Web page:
Harry Houdini died of peritonitis secondary to a ruptured appendix. It has been speculated that Houdini was killed by a McGill University student, J. Gordon Whitehead, in Montreal. Houdini died of a ruptured appendix, caused by Whitehead delivering multiple blows to Houdini's abdomen.

Although in serious pain, Houdini nonetheless continued to travel without seeking medical attention. Harry had apparently been suffering from appendicitis for several days and refusing medical treatment. His appendix would likely have burst on its own without the trauma.

When Houdini arrived at the Garrick Theater in Detroit, Michigan, on October 24, 1926, for what would be his last performance, he had a fever of 104 degrees F (40°C). Despite a diagnosis of acute appendicitis, Houdini took the stage. He was reported to have passed out during the show, but was revived and continued. Afterwards, he was hospitalized at Detroit's Grace Hospital. Houdini died of peritonitis from a ruptured appendix at 1:26 p.m. in Room 401 on October 31 (Halloween), 1926, at the age of 52.

Harry Houdini was portrayed in Toobworld several times, mostly in TV movies, but in episodes of 'Voyagers!' and 'Mentors' as well.

1976 - Houdini was played by Paul Michael Glaser, of 'Starsky and Hutch' fame, in a 1976 TV movie called "The Great Houdinis" (aka "The Great Houdini"), which was also highly fictionalized. The film focused on Houdini's relationship with his wife and mother, who were portrayed as frequently bickering (although, in reality, they had cordial relations) and on his fascination with life after death. The cast also included Sally Struthers, Bill Bixby, Vivian Vance, and Ruth Gordon.

1985 - Wil Wheaton played Houdini in "Young Harry Houdini", a made-for-TV movie that aired on ABC as a "Disney Sunday Movie." The film also featured Jeffrey DeMunn as the adult Houdini. DeMunn first played Houdini in the film version of "Ragtime".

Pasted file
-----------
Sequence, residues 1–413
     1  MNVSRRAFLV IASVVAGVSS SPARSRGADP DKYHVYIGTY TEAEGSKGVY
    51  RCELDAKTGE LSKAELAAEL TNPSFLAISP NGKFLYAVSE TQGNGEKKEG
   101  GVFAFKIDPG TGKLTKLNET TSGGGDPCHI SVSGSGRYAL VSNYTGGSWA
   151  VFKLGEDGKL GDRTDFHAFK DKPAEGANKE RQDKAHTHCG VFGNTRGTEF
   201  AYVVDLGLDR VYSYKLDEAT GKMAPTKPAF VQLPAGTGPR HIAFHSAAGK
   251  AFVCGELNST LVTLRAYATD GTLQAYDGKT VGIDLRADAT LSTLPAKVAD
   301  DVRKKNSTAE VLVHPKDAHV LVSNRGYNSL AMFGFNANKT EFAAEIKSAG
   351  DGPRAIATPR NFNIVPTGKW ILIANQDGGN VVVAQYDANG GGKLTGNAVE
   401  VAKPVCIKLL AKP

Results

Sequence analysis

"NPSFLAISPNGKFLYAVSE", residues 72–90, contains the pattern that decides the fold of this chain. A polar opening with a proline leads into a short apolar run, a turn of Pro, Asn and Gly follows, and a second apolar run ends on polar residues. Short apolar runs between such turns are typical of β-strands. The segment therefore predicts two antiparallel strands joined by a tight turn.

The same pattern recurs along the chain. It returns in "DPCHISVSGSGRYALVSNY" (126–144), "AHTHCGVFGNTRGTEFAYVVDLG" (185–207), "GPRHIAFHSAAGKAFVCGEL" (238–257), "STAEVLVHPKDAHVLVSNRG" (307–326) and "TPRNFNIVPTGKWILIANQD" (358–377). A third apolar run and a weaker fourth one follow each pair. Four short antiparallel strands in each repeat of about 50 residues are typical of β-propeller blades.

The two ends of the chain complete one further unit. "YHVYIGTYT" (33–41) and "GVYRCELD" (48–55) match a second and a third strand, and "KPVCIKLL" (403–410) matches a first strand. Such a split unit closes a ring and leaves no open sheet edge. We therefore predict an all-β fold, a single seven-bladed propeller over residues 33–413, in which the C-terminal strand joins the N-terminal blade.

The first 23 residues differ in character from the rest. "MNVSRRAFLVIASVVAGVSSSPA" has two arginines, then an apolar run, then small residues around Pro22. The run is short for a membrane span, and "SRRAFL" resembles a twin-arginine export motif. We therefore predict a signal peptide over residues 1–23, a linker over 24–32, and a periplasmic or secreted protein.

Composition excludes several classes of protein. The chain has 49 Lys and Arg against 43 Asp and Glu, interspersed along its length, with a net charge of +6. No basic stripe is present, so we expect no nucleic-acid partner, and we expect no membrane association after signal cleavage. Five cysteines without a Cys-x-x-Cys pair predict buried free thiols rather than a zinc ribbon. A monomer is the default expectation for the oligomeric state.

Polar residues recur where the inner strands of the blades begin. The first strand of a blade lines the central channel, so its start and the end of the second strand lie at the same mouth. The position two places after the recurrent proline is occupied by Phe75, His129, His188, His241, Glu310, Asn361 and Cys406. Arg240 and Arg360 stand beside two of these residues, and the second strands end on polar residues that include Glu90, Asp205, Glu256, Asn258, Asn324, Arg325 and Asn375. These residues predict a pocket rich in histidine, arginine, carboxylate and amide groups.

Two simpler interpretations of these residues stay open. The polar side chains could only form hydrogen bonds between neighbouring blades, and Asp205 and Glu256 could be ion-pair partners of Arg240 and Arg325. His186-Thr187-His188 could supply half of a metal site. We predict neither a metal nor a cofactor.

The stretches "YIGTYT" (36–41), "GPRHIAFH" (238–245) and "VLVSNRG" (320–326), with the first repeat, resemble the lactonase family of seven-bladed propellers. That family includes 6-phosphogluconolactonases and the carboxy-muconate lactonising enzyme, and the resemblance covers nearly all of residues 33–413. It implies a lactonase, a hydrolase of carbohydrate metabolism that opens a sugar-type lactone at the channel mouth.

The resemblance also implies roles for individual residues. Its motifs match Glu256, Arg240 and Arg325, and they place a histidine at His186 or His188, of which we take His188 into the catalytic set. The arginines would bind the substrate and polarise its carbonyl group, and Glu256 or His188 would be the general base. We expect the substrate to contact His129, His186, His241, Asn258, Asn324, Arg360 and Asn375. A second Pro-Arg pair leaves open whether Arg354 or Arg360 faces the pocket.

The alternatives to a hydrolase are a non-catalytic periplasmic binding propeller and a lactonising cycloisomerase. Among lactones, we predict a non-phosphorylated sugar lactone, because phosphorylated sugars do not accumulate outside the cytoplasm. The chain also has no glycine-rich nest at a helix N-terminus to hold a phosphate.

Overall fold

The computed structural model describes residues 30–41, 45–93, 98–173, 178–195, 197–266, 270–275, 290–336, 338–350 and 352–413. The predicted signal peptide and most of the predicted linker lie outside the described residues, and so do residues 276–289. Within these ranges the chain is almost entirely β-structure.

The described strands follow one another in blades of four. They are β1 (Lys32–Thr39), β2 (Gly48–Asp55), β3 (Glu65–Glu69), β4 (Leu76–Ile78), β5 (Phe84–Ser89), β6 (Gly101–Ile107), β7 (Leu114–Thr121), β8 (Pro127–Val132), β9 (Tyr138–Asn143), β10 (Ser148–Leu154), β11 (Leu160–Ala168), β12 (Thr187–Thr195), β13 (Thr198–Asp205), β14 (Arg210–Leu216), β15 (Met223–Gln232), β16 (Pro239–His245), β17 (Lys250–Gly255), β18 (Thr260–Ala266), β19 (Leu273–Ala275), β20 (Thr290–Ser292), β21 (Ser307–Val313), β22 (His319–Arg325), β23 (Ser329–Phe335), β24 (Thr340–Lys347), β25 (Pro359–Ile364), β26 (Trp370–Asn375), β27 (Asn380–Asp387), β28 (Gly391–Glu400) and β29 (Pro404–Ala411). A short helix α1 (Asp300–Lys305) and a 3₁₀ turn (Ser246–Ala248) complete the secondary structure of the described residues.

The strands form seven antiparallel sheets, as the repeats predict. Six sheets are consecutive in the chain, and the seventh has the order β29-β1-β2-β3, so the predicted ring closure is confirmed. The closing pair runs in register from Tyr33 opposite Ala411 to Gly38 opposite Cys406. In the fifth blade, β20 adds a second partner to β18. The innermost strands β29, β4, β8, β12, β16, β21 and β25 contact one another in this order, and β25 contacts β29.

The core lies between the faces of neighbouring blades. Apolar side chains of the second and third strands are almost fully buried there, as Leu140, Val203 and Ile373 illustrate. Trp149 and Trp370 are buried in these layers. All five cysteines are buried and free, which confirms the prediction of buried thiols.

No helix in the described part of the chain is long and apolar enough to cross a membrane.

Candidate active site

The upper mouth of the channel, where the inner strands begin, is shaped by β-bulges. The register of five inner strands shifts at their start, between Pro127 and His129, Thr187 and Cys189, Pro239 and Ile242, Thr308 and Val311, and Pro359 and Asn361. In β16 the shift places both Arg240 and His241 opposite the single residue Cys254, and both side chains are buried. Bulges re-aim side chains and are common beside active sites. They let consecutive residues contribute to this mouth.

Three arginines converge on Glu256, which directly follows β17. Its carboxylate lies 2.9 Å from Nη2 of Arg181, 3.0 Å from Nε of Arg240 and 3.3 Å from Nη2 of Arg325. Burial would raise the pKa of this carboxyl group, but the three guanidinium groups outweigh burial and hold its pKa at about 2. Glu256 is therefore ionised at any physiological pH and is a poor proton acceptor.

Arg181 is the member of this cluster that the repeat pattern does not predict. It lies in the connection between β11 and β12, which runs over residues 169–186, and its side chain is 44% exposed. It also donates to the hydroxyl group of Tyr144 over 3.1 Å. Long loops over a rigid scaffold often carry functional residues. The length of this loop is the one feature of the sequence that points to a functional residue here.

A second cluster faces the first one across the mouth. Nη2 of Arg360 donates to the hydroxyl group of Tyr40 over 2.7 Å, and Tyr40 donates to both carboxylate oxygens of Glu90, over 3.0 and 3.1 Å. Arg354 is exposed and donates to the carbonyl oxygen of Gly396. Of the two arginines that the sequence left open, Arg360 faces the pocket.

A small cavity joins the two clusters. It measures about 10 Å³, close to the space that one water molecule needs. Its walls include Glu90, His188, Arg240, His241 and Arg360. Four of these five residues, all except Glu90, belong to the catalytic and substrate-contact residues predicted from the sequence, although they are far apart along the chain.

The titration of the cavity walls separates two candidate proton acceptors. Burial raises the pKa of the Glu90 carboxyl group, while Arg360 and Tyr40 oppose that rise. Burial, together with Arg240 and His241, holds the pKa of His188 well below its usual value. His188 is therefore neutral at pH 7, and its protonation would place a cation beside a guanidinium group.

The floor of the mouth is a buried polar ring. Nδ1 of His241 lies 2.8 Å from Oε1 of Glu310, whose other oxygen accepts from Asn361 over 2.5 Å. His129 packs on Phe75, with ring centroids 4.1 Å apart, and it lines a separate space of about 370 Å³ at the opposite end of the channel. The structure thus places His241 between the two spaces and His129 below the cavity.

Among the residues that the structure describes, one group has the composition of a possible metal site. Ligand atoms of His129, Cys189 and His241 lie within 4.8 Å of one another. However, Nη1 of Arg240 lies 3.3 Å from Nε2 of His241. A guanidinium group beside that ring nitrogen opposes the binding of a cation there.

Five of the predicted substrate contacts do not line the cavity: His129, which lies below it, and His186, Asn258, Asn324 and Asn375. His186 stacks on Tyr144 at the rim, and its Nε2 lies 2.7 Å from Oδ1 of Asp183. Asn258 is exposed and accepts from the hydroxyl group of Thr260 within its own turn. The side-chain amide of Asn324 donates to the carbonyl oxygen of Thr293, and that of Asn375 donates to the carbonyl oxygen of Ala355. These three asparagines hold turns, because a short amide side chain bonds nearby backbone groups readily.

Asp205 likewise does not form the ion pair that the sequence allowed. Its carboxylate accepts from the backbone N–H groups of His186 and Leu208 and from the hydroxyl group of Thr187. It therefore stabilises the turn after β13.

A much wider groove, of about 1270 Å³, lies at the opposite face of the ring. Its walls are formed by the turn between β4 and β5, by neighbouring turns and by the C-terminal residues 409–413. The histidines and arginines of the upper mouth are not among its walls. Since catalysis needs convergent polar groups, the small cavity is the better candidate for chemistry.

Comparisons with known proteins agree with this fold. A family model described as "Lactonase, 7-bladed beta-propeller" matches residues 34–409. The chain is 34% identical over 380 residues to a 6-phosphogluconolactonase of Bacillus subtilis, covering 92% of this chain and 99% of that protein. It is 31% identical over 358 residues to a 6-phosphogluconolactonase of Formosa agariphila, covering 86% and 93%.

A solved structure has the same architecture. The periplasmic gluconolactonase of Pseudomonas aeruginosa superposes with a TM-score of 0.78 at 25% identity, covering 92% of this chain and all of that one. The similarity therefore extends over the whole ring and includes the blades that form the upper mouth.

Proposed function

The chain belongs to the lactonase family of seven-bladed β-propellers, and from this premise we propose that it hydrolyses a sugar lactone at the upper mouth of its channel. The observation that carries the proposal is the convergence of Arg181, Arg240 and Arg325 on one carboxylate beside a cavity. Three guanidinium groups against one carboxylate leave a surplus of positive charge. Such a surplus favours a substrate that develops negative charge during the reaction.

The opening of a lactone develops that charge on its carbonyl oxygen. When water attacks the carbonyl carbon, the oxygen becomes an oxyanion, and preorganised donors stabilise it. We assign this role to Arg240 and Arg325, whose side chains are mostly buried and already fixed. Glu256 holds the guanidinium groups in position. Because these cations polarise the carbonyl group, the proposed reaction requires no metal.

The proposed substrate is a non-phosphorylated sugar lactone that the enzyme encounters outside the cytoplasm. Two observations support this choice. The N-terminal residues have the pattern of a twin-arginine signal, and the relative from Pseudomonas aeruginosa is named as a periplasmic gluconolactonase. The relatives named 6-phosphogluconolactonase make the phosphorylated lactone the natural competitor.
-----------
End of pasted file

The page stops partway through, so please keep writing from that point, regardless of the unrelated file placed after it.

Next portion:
1998 - Johnathon Schaech played Houdini in the TNT original movie "Houdini". The film co-starred Stacy Edwards as Bess and Mark Ruffalo as his brother, Dash (aka Theo. Hardeen). The TV movie first aired on December 6, 1998.

[Plot descriptions from Wikipedia]

Thanks to the leeway given to recastaways due to the aging of characters, I think "The Great Houdinis" (by virtue of being the first presentation of Houdini's life, even if it was greatly fictionalized) and "Young Harry Houdini" can both be placed in Earth Prime-Time, the main Toobworld.

As for his portrayal by Michael Durrell in the 'Voyagers!' episode "Agents of Satan", it's been the Toobworld Central contention that the main characters of the show are part of Earth Prime-Time, but that they are always meddling in alternate timelines so that they follow the follow chronological flow of Earth Prime-Time. So the Houdini that they met was of an alternate dimension.
Toby O'B

1 comment:

Brent McKee said...

Houdini always feared that his fame as a magician would be fleeting so he undertook various activities to make an achievement that would live forever. In 1910 he brought a Voisin biplane to Australia where he completed the first airplane flight in the country's history (two other men had flown before, but Houdini was the first to take off and land successfully). He believed that this feat would be of far more historical note than his performances as a magician. Today it is barely known even in Australia.